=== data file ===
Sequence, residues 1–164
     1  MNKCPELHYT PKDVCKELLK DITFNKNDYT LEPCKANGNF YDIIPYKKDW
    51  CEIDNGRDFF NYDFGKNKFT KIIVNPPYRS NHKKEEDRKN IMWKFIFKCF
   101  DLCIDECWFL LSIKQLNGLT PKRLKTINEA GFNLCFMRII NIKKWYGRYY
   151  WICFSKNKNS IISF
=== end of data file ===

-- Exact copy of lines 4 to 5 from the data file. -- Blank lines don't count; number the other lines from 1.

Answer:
   101  DLCIDECWFL LSIKQLNGLT PKRLKTINEA GFNLCFMRII NIKKWYGRYY
   151  WICFSKNKNS IISF